An exhibition at the New York City Met organized around French sculptor Jean-Baptiste Carpeaux‘s famous white marble bust “Why Born Enslaved!“ (1868) looks at early American emancipation depicted in 35 artworks

“Why Born Enslaved!“ by French sculptor Jean-Baptiste Carpeaux (1868). Source: Met Museum / <a href="https://commons.wikimedia.org/"target="_blank">Wikimedia Commons</a>, <a href=" https://en.wikipedia.org/wiki/Creative_Commons_license"target="_blank">Creative Commons License</a>

“Fictions of Emancipation: Carpeaux Recast“ is the first exhibition at The Met to examine Western sculpture in relation to the histories of transatlantic slavery, colonialism, and empire. The show is organized around the bust “Why Born Enslaved!“ by French sculptor Jean-Baptiste Carpeaux from 1868. Created in the wake of American emancipation and some 20 years after the abolition of slavery in the French Atlantic, the white marble sculpture was shaped by the enduring popularity of antislavery imagery, the development of 19th-century ethnographic theories of racial difference, and France’s colonialist fascination with Africa.

Through March 05, 2023, the exhibition at The Met Fifth Avenue will explore the place of Carpeaux‘s sculpture within these contexts. More than 35 works drawn from The Met’s holdings and collections in Europe and the United States will offer an in-depth look at portrayals of Black enslavement, emancipation, and personhood, challenging the notion that representation in the wake of abolition constituted a clear moral or political stance.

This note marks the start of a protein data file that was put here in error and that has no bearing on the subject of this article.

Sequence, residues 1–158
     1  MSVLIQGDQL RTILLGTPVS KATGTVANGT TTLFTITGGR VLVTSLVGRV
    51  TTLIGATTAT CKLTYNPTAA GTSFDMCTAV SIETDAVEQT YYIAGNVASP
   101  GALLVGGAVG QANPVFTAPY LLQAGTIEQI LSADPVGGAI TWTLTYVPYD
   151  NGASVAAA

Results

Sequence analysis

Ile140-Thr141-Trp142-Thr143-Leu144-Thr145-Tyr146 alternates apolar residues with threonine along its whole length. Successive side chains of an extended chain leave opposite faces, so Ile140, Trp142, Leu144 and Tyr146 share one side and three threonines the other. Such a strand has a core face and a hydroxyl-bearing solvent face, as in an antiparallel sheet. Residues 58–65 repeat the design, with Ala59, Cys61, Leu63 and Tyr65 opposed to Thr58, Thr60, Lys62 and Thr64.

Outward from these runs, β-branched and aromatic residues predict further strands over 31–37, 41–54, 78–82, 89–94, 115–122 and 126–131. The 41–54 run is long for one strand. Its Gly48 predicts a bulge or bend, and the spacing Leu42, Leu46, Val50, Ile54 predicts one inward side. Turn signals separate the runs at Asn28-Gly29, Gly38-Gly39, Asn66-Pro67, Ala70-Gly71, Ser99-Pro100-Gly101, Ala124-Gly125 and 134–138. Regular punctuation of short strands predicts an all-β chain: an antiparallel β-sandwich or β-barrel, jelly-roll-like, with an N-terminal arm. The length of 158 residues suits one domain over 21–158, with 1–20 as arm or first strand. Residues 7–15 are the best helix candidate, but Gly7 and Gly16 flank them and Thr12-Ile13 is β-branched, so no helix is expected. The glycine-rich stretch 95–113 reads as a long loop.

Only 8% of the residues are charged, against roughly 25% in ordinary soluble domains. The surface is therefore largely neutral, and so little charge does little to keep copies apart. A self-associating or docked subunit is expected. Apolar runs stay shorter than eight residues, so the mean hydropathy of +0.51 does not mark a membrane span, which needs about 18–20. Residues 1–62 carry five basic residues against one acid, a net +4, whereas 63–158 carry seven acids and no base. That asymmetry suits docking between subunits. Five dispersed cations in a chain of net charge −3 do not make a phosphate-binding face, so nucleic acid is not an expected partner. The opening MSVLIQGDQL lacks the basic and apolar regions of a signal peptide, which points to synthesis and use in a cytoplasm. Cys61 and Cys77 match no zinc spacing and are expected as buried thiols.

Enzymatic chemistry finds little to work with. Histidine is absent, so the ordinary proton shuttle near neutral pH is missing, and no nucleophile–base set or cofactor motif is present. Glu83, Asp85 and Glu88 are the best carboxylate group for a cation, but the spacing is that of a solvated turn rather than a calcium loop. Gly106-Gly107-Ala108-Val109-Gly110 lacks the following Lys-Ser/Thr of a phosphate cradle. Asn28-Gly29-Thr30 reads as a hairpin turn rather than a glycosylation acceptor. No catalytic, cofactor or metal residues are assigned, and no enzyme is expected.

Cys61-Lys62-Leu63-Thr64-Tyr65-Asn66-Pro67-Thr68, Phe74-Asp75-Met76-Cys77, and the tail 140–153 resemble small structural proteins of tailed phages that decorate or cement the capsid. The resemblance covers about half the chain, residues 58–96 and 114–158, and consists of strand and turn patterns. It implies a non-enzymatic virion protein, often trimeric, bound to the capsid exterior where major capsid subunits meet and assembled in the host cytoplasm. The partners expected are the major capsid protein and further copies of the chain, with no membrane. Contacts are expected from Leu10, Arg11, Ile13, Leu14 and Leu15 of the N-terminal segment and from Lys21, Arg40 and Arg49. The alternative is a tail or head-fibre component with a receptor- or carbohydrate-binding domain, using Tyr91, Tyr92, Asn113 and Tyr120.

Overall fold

Carpeaux drew on classical archetypes of the captive figure for “Why Born Enslaved!“. While the subject’s resisting pose, defiant expression, and accompanying inscription have long been interpreted as conveying a powerful antislavery message, Carpeaux’s bust also visualizes longstanding European fantasies about the possession of and domination over the bodies of Black people. A section reveals the artist’s creative process, demonstrating how he arrived at the final composition through a series of his clay and pencil sketches of kneeling and bound figures.

The exhibition mainly consists of sculptures created around the 19th century, but will also include painting, ceramics, works on paper, and two contemporary pieces. Together, these objects will offer an opportunity to consider the formative role visual art has played in shaping enduring misconceptions of racial difference, as well as the vital role it might yet play in dismantling them.

Fictions of Emancipation: Carpeaux Recast“, at The Met Fifth Avenue, Wrightsman Exhibition Gallery, Gallery 521, Floor 1, through March 05, 2023

Audio Guides

(05.05.2022)